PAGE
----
Because when submissive women are called passive and bdsm is likened to some "matryric" abuse and flagellation, then i have a lot to say.
"Woman as Victim:
Story of O
The Story of O, by Pauline Reage, incorporates, along with all literary pornography, principles and characters already isolated in my discussion of children's fairy tales. The female as a figure of innocence and evil enters the adult world--the brutal world of genitalia. The female manifests in her adult form--cunt. She emerges defined by the hole between her legs. In addition, Story of O is more than simple pornography. It claims to define epistemologically what a woman is, what she needs, her processes of thinking and feeling, her proper place. It links men and women in an erotic dance of some magnitude: the sado-masochistic complexion of O is not trivial--it is formulated as a cosmic principle which articulates, absolutely, the feminine."
O already has a cunt, the story is about the fullfillment of her cunt. I will talk more later about this.
I agree the complexion of O is not trivial and that's why I am writing this. Whereas the critic is writing from one side, I hope to bring another side.
"Also, O is particularly compelling for me because I once believed it to be what its defenders claim--the mystical revelation of the true, eternal, and sacral destiny of women."
I personally although I know there will be women into bdsm who are from a different point of view, do not care for the anything mystical. Whether Story of O is a mystical revelation, is beyond me. I simply read it as a story of one woman's journey and although I am a fan, I'm not O and my journey will be quite different because no other woman but O herself is O. All women in O although they are slaves, they are all different personalities, none of that disappears so I don't believe Story of O to be any comment on women's destiny of any sort. To me that would reading too much into it.
"The book was absorbed as a pulsating, erotic, secular Christianity (the joy in pure suffering, woman as Christ figure)."
Oh please. I remember in the movie Dead Poets Society, the character Neal wears a wreath on his head and some people said oh he's a matyr, a Jesus figure. No he wore a wreath because we just saw him in a play where his character wears a wreath and he loved acting as much as living and wanted to hold onto that. I know some people get joy in pure suffering but what if some people do not get joy from THAT? When O suffers, that's part of her bdsm journey, it's not because her motivation was to suffer. Again, I think this is reading too much into it. The story reads as a journey, I don't even get how you can see the author making a comment about O as a Christ figure.
"I experienced O with the same infantile abandon as the NEWSWEEK reviewer who wrote: "What lifts this fascinating book above mere perversity is its movement toward the transcendence of the self through a gift of the self . . . to give the body, to allow it to be ravaged, exploited, and totally possessed can be an act of consequence, if it is done with love for the sake of love." 1 Any clear-headed appraisal of O will show the situation, O's condition, her behavior, and most importantly her attitude toward her oppressor as a logical scenario incorporating Judeo-Christian values of service and self-sacrifice and universal notions of womanhood, a logical scenario demonstrating the psychology of submission and self-hatred found in all oppressed peoples. O is a book of astounding political significance."
If a book is "merely" perverted, why can't that just be the case? If we are not allowed to even write out our perversions, which are not politically correct, there are many grey areas, then that's sad.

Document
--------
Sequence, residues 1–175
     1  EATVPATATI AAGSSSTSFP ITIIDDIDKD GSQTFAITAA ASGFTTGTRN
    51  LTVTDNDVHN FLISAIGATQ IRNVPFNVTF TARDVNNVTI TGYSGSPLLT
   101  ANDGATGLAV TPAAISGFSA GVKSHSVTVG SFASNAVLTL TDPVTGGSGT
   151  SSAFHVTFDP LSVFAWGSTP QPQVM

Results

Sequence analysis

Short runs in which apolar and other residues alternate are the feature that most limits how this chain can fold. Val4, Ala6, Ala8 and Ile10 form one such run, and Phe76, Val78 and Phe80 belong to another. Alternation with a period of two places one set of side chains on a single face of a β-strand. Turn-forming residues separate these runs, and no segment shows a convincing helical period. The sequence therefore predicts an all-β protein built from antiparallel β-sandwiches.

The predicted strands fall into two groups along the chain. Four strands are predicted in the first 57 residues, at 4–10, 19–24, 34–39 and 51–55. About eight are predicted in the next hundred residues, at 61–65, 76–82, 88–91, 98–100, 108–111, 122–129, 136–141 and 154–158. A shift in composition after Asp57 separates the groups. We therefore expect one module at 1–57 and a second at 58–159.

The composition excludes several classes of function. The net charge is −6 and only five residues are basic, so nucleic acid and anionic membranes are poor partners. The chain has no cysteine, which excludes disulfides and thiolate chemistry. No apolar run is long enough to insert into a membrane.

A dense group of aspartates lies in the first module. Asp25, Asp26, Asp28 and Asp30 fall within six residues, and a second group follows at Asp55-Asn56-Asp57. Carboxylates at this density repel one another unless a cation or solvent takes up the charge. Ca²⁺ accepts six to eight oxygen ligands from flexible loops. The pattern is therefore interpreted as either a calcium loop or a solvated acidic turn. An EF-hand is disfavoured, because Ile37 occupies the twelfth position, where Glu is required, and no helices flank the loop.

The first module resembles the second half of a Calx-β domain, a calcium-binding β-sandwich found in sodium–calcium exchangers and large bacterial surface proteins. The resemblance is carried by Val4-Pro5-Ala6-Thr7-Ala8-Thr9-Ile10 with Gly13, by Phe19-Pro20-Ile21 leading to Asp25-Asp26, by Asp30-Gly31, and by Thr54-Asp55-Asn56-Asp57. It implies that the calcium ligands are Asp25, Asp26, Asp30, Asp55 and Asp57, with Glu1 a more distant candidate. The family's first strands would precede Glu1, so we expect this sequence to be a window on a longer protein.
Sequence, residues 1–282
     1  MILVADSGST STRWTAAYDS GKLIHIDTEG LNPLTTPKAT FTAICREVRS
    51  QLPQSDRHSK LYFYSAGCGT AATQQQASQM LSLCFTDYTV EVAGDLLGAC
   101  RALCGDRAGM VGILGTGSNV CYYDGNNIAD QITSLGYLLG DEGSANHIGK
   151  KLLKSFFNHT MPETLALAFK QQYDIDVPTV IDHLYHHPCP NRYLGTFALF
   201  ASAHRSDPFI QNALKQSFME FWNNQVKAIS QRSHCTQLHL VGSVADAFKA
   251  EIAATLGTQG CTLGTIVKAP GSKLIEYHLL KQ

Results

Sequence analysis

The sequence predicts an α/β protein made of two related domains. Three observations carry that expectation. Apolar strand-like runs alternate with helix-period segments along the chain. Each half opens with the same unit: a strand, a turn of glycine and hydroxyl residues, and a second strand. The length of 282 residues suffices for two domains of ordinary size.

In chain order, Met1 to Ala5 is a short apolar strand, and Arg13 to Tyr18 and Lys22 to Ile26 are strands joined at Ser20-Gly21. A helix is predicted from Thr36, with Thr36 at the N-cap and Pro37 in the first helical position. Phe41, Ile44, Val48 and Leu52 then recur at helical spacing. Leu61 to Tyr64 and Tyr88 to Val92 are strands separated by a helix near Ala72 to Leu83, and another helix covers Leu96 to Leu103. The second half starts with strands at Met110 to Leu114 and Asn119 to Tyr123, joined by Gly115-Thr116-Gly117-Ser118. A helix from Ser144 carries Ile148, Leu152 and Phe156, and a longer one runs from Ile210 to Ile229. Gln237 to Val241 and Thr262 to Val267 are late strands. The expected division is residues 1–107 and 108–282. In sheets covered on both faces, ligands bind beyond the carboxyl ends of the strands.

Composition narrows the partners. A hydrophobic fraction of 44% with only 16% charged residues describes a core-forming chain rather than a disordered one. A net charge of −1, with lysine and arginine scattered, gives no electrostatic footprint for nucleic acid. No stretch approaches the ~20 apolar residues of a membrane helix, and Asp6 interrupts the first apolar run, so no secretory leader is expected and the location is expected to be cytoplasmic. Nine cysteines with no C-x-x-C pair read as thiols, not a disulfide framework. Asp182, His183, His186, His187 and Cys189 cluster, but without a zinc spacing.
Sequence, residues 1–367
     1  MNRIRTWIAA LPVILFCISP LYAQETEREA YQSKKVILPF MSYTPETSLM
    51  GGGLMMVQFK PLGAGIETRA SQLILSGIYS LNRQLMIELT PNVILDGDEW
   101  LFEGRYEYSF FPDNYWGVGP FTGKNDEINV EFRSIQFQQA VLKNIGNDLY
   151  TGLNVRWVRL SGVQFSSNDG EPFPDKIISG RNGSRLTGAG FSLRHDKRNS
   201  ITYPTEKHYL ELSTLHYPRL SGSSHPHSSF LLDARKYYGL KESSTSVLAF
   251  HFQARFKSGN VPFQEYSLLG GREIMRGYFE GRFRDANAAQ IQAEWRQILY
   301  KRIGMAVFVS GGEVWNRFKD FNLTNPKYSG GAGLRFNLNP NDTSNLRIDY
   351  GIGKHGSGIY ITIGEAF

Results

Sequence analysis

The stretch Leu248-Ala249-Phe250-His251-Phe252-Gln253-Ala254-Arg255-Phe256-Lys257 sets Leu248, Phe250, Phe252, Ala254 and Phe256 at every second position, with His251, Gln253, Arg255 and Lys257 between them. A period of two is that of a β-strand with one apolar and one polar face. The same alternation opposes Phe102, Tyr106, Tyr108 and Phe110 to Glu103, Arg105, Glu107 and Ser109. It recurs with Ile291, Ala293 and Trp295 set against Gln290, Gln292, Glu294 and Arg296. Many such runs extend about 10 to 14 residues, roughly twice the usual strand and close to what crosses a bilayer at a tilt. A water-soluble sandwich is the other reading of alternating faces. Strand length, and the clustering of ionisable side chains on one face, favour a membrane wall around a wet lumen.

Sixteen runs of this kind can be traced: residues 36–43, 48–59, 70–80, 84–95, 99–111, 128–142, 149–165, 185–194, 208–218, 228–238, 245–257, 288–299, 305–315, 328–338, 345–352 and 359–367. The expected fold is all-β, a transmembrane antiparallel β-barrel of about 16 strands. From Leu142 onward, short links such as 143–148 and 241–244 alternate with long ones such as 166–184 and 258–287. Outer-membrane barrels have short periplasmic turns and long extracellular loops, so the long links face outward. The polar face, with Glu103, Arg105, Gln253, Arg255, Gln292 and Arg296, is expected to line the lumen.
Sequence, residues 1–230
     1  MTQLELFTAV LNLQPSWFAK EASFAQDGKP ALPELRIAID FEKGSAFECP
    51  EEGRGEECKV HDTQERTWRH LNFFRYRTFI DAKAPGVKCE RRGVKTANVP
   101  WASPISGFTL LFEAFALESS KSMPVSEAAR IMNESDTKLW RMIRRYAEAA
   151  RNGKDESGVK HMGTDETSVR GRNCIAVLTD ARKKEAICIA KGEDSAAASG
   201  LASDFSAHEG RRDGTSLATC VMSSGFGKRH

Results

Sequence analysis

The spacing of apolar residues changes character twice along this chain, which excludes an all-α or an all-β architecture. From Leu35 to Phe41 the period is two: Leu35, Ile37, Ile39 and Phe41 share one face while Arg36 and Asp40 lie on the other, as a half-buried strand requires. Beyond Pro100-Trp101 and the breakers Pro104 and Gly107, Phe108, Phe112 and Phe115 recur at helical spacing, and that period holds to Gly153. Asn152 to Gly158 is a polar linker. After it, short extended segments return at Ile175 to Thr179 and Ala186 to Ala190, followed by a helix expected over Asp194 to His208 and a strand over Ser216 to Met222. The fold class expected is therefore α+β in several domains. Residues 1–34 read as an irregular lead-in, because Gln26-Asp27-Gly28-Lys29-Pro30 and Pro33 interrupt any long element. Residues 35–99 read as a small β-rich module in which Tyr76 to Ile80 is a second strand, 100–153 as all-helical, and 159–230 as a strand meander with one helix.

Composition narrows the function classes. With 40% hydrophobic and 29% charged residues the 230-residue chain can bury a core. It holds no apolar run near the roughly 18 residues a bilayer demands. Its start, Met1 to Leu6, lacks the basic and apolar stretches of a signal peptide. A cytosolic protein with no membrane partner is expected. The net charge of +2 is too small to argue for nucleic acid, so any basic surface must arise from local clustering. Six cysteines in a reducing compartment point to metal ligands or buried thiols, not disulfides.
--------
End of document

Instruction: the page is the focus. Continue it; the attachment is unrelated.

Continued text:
The book is about love but I also believe it's also about conditioning. Love is a feeling but being captive and possessed can lead to feelings for the captor and the Dominant and Master. You give your body to them, you're sharing your soul with them. I actually don't believe you're giving away your soul to them. I don't think the Dominant is the oppressor, I think they're the opposite of that word unless they are a bully and there's a line between acts of bdsm and bullying which a true Dominant will understand fully no matter their emotions and hardships as human beings themselves.
Self hatred? Picture this. A woman with passions in her life and in love with her boyfriend. Same woman decides to explore bdsm. Boyfriend is not an abuser. Simple as that.
It's not about saying hurt me. Whip me because you want to treat me like SHIT. It's about saying I will take on anything for you. I will explore the whipping because I want to know. I want to know more than the sexuality I am experiencing at the moment. I don't understand it some times but I believe in experience, exploration, knowledge. I also believe in giving myself fully not as some form of dead meat to be sacrificed because I'm a human with a living, beating heart but because I believe in giving my body to my Dominant fully.
"This is, then, the story of O: O is taken by her lover Rene to Roissy and cloistered there; she is fucked, sucked, raped, whipped, humiliated, and tortured on a regular and continuing basis--she is programmed to be an erotic slave, Rene's personal whore; after being properly trained she is sent home with her lover; her lover gives her to Sir Stephen, his half-brother; she is fucked, sucked, raped, whipped, humiliated, and tortured on a regular and continuing basis; she is ordered to become the lover of Jacqueline and to recruit her for Roissy, which she does; she is sent to Anne-Marie to be branded with Sir Stephen's mark and to have rings with his insignia inserted in her cunt; she serves as an erotic model for Jacqueline's younger sister Natalie who is infatuated with her; she is taken to a party masked as an owl, led on a leash by Natalie, and there plundered, despoiled, raped, gangbanged; realizing that there is nothing else left for Sir Stephen to do with her or to her, fearing that he will abandon her, she asks his permission to kill herself and receives it. Q.E.D., pornography is never big on plot."